6. I think you know some of my answers to these questions, but I’ll share anyway. I hardly ever go out of my way to request review copies, and I don’t get tons of appealing offers. Almost every review copy I’ve gotten was offered to me, a book I won on LIbraryThing, or a book offered through a newsletter or monthly e-mail for reviewers. I think I’ve e-mailed publishers out of the blue three or four times. It half-worked once. (I requested copies for Jenny and I to do a conversation review, and she got one, but I didn’t. Someone mistyped my address, I’m guessing.) I’m sure if I contacted more publishers more often, I’d get positive responses, but like you, I don’t want them all coming through my door at once. I’m reserving that approach for books I know I’d read the minute I got them, books I’d reserve at the library or buy as soon as they’re available if I didn’t get a review copy.

    I used to make reading review copies in a timely manner (as close to publication date as possible) a real priority, but hearing from publishers at the Book Blogging Convention in New York this past May convinced me that they don’t expect every book to get reviewed. I’m sure they’d rather they did, but they seem to recognize non-review as a risk they’re taking when they send books out. I figure that I’m not doing the book any favors if I’m feeling pressure to read it, so I’d rather wait until the time and my mood is right. Plus, I want to make sure I’m reading a mix of old and new books because that’s more fun for me, and it’s what I most enjoy reading about on other blogs.

  7. i’ve stopped requesting review copies simply because not being able to get round to reading and writing about them leaves me feeling guilty and I don’t want my greatest pleasure marred in that way. Yes, I often have a moments envy when other bloggers write about all the books that drop through their letterboxes, but a quick look at the overburdened book shelves soon sorts that out. If publishers send me books unsolicited, then I think it’s perfectly fair on my part to read and review them only if I feel like it. I hate having my reading dictated to me.

  8. This is a timely post for me as I am off on some protracted travels next week and so have set myself the task of reading a number of review copies that have been looking reproachfully at me for weeks, possibly even months. I certainly don’t get as many as some people, and in fact I sound a bit like you in this — they do arrive unasked sometimes, but I also accept them if I like the sound of them. Sometimes I open them straight away and if I like them I’ll keep reading. Sometimes I don’t like them and then I don’t read them at all. And sometimes — quite often — I put them on the shelf and think I’ll get around to them soon. I do feel slightly guilty if I don’t read them, or if I read them and don’t review them, but I believe the publishers are well prepared for this — hope so, anyway. I don’t like to write bad reviews of new books, though I have written negatively about books by well-known and successful writers because I think they can take it. Oddly, I’ve had some comments from people saying they are happy to read less than positive reviews — perhaps it makes a change from so much gushing about the books I do love. And yes I have asked for books and got them. In that case I think I have always reviewed them, because they’ll generally be books by people I already admire.

  9. I treat my library like a big warehouse of free review copies! 😉 That and now I’m on Netgalley, which doesn’t help you since you don’t have an ereader. Anyway, when I did accept review copies I didn’t read or review them all; some I started and realised instantly weren’t my taste, others I just, um, didn’t get to. I didn’t feel terribly bad about it either, since I never contacted a publisher for a review copy; they were always sent/offered to me (I loathe unsolicited books showing up in the mail; I had to e-mail a couple publishers about that). One book I contacted the publisher to ask for and when I got it, I read it and reviewed it quickly; I was excited after all! For me, though, with a great public library, a desire to have a relatively small personal library, and with my reading/blogging dependent upon my mood, review copies just aren’t the best way for me to get books to read.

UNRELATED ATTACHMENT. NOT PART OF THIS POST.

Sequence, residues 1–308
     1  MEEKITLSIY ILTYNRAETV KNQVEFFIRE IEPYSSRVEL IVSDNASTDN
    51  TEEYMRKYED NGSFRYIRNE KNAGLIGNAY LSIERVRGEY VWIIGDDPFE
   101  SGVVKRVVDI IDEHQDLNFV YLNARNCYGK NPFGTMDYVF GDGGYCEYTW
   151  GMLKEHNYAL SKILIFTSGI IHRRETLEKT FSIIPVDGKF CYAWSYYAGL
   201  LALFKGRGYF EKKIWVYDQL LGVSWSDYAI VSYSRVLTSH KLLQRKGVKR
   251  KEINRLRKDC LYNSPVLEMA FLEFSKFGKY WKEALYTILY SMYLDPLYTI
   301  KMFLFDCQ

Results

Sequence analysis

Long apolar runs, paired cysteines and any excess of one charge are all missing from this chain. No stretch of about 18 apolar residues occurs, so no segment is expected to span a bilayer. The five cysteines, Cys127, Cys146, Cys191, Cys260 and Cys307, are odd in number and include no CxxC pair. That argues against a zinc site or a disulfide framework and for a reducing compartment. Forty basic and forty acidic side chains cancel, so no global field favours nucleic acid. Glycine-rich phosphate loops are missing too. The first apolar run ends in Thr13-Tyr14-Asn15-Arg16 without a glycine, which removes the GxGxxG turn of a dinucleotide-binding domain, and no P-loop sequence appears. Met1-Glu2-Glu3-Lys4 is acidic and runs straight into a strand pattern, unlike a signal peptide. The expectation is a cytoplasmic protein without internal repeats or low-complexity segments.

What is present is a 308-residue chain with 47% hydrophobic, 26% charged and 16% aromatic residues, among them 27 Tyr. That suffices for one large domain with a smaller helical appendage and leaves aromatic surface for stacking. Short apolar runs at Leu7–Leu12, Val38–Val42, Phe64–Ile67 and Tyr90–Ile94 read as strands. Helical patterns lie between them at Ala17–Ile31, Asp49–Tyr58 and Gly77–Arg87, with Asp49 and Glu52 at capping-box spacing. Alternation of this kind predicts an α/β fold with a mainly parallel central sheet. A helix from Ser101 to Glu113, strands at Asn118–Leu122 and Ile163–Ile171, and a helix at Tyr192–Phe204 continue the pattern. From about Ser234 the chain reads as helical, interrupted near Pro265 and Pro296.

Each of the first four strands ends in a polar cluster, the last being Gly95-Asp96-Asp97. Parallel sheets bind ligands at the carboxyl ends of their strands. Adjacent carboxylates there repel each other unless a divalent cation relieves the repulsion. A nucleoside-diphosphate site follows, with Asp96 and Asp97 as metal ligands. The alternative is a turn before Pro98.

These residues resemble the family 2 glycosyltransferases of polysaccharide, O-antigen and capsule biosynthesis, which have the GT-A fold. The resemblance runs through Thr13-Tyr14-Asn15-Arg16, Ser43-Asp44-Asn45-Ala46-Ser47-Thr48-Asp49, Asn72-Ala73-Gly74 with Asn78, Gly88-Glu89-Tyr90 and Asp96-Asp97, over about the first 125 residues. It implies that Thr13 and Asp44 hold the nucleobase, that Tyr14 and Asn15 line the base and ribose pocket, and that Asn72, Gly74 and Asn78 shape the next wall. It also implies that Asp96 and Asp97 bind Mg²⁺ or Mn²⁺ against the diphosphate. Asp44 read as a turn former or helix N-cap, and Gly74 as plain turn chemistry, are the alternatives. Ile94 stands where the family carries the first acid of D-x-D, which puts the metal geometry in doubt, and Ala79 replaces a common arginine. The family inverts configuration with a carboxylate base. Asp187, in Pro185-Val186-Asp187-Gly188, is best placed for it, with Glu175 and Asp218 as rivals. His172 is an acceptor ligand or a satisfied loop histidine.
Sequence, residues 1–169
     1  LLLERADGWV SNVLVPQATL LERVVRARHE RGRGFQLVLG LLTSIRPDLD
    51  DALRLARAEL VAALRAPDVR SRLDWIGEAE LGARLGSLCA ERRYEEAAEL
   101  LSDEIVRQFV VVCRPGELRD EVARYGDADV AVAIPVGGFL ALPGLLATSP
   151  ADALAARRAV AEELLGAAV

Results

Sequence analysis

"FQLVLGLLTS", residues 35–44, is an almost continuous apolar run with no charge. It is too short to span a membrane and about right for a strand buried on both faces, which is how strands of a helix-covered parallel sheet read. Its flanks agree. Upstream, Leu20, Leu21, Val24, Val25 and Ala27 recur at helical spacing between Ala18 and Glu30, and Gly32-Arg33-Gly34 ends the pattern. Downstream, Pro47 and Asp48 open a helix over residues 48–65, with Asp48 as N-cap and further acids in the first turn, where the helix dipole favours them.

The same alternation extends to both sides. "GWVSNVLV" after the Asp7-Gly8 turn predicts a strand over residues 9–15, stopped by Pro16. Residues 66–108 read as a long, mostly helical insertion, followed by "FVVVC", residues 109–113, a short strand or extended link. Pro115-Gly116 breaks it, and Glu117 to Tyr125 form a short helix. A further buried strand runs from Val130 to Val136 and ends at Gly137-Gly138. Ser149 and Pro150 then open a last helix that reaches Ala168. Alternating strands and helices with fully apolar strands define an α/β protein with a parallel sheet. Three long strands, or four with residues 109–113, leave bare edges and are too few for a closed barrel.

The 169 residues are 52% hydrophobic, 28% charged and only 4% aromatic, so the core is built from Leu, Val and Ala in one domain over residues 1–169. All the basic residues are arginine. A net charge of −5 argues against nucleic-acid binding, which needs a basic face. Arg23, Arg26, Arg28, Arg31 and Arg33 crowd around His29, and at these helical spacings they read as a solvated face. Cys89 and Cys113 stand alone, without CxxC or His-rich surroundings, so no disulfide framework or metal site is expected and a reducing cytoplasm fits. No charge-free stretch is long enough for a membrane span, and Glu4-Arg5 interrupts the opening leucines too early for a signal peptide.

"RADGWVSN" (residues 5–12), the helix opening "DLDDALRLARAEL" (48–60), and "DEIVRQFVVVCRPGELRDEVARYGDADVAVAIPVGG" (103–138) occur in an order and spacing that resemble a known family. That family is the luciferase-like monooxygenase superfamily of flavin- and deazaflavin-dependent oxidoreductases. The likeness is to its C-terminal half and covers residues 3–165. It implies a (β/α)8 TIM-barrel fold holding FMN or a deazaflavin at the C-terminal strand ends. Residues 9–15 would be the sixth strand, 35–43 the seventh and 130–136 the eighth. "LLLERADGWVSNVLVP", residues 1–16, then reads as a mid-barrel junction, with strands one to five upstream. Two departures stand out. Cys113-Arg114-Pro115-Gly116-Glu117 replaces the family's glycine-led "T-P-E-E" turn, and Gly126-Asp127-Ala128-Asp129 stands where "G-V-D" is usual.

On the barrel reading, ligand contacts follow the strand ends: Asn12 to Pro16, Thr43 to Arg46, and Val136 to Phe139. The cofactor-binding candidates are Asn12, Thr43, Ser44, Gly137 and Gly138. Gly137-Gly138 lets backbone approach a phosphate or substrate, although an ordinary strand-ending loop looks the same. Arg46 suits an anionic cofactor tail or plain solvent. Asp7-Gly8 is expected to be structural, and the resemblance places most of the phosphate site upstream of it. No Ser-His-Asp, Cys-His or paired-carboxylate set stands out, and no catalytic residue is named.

10. Interesting post and lots of interesting responses. I always read and review books in a timely fashion IF I have asked the publisher for the book. If I have agreed to read a book that a publisher wants to send me I most always do it. I feel no obligation to read or review books that come to me unsolicited.
    When I first started blogging I read this article (http://www.problogger.net/archives/2009/02/14/how-to-get-free-books-to-review-on-your-blog/) which helped me get started with communications to publishers.

  11. I have never requested review copies (at least, not for reviewing on my blog), partly because for the longest time I had no idea such a thing was possible, but then for the reasons others give, not wanting obligation or guilt to get in the way of the happy feeling of writing about what I want, when I want. I have been offered a very few, and have said yes to a couple, but they never came with any visible strings attached, so if I ended up uninterested, I just set them aside. I think I don’t write the kind of book blog that is a publicist’s dream!

  12. I was hesitant to accept review copies of any kind…bc of the sheer volume of books I already have on my TBR and then even more on my WishList. I decided at some point to give it a try and was overwhelmed in barely a week’s time. I immediately felt overwhelmed and responsible for those books. I put a halt on receiving any more review copies until I read the 5-6 I got snowballed with. I still receive email requests but if I’m not interested in the book, I don’t answer the request. Those review copies are still sitting on my TBR shelf btw…and I feel guilty about them everyday 😦 I don’t want to feel guilty about reading and blogging so the review scene just isn’t for me, I don’t think.

  13. I review it in a timely way, but that’s partly because I do so few of them. I can’t read PDF files well on my Kobo, so I did ask for a different format of one book I wanted to read through Net Galley. I contacted the publisher, and to my great pleasure received a paper ARC. I read it quite soon after receiving it, and fortunately loved it–so that was a positive experience for me.